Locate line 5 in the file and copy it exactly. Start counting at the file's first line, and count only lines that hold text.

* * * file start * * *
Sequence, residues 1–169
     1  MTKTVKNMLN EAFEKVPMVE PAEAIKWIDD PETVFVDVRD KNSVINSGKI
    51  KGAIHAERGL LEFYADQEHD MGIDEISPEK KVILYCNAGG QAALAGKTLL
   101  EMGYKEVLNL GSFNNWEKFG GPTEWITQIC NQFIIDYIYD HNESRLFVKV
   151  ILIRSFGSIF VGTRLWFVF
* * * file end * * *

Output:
   151  ILIRSFGSIF VGTRLWFVF